I think this paragraph puts everything upside down. “Alignment science” (which I see as a multi-disciplinary research area which blends cognitive science, including epistemology, ethics, rationality, consciousness science, game theory, control theory, resilience theory, and more disciplines) is absolutely needed as a foundation for alignment capabilities work, even if the latter appears to us very successful and unproblematic. And it is the alignment science that should show that the proposed alignment process is safe, in a prospective and constructive way, as described above.
This passage doesn’t use the terms “optimistic” and “pessimistic scenarios” in the way they are defined above. The AI system could appear aligned according to very hard tests, but recognising that alignment is a never-ending process, and insights from broader alignment science (rather than rather narrowly technical “branch” of it, and moreover, implying a certain ontology of cognition where “values” and “processes” have specific meaning) could still show that aligning AI systems on a longer horizon is nevertheless bound to fail.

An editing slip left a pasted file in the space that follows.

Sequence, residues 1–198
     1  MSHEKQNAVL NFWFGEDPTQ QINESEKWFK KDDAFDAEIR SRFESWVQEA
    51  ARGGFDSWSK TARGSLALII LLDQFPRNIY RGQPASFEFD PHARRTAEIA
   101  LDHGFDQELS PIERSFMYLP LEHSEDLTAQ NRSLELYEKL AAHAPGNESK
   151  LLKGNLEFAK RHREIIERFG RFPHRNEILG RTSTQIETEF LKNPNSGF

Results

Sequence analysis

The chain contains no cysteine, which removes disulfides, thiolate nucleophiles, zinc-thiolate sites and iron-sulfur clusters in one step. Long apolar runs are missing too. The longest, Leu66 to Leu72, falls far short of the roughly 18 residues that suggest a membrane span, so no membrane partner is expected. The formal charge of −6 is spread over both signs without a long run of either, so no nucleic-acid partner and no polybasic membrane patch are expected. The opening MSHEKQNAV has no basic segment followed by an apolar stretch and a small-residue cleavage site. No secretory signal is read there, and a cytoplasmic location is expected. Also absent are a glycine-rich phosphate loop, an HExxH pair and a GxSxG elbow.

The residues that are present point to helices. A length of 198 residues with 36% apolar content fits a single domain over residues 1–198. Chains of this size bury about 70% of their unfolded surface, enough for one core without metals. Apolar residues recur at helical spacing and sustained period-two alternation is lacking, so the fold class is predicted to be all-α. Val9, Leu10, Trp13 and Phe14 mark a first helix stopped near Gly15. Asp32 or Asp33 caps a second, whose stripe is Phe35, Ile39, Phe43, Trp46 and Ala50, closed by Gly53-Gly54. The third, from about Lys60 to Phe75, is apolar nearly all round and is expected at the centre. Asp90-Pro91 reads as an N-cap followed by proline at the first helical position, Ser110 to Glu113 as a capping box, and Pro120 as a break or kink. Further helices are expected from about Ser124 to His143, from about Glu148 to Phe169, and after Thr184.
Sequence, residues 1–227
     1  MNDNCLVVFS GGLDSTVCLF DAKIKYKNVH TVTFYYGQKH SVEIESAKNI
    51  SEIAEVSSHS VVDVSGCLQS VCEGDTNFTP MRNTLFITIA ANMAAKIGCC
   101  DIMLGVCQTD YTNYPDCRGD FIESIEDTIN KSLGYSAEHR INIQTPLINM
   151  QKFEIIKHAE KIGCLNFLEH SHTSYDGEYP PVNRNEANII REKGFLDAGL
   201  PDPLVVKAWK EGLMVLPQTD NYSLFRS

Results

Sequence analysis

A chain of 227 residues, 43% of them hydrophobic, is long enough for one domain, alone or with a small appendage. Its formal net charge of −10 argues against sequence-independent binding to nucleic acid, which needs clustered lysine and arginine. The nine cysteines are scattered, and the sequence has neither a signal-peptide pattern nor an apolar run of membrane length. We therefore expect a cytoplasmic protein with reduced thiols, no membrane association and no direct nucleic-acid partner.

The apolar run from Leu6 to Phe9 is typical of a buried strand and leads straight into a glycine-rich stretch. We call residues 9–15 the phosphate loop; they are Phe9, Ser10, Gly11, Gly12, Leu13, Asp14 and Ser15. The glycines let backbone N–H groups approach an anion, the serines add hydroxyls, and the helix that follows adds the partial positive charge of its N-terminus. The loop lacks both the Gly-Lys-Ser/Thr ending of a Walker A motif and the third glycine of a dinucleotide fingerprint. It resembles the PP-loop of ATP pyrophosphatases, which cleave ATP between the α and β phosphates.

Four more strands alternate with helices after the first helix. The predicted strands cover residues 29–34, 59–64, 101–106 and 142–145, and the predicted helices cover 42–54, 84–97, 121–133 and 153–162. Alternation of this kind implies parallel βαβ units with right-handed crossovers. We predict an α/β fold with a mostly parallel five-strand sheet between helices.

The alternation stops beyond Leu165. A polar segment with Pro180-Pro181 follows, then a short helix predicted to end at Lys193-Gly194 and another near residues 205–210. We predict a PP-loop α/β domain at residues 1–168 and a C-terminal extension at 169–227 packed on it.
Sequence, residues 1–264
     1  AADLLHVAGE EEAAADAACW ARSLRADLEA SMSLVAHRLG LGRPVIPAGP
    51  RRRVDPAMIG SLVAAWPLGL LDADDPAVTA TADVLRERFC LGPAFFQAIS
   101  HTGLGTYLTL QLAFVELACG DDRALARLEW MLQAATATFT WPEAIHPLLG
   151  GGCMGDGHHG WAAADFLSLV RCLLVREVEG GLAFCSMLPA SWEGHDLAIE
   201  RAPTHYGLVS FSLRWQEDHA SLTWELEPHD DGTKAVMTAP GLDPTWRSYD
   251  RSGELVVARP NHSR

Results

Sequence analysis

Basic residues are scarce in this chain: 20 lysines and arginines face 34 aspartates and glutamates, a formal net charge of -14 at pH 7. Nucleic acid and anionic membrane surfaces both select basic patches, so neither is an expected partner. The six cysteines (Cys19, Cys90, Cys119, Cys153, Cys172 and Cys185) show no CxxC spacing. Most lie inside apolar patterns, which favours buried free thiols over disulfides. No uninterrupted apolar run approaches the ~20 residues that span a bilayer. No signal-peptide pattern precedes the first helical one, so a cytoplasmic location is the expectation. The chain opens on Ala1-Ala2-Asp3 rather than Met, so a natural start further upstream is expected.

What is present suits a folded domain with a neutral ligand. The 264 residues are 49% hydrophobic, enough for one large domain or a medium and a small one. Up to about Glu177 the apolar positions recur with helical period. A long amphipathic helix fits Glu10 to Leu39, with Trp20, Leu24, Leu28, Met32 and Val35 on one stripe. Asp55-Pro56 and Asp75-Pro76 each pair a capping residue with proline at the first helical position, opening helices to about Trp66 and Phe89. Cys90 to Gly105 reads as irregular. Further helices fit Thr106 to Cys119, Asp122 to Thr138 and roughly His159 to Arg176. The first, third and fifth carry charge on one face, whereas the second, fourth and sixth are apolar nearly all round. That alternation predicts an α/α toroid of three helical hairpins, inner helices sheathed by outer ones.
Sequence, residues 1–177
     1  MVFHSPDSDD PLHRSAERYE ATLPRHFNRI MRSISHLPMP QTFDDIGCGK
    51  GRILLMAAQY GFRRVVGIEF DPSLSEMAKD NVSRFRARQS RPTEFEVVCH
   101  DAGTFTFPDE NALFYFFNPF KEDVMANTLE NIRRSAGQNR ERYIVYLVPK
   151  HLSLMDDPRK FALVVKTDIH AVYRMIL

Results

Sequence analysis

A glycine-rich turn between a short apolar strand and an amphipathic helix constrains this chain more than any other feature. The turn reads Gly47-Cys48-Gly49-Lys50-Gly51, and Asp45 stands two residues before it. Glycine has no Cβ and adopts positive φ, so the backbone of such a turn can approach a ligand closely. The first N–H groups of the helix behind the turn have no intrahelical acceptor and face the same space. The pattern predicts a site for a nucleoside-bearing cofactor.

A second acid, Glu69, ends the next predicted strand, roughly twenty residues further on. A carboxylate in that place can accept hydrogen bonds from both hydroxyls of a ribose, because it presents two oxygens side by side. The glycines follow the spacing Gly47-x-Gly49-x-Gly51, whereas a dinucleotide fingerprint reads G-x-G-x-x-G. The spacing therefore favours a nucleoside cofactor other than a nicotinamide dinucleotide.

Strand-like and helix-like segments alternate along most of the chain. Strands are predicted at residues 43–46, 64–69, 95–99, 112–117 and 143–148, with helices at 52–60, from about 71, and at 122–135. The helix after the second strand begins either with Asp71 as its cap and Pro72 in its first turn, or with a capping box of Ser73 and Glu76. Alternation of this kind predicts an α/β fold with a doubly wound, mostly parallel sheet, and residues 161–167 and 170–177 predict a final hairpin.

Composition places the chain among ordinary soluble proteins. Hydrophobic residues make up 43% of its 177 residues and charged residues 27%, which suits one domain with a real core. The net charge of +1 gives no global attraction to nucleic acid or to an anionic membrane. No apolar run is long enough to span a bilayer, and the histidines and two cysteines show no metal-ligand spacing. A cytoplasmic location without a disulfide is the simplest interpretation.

Interpretability of a system post-training (and fine-tuning) couldn’t provide a “strong guarantee” for safety, since it’s a complex, dynamical system, which could fail in surprising and unexpected ways during deployment. Only always-on oversight (including during deployment) and monitoring, together with various theoretical dynamical models of the system, could (at least in principle) provide some guarantees.
Not clear where the “more robustly” comes from. Scalable oversight during training could produce safer/more aligned models, like “manual” oversight would (if it was humanly possible and less costly), ok. But the robustness of safety (alignment) is quite another matter, especially in a broader sense, and it’s not clear how “scalable oversight during training” aids with that.
Sounds like it either refers to imitation learning, in which case not sure why give a new name to this concept, or a sort of process-oriented GOFAI which will probably not practically work on the SoTA levels that AI already achieves, let alone superhuman levels. Humans don’t know know how to decompose their activity into processes, evidenced by the fact that processes standards (like from the ISO 9000 series) could not be followed to the letter to achieve practical results. Would be interested to learn more about this Anthropic’s agenda.
I really like this, I think this is one of the most interesting pieces of the write-up.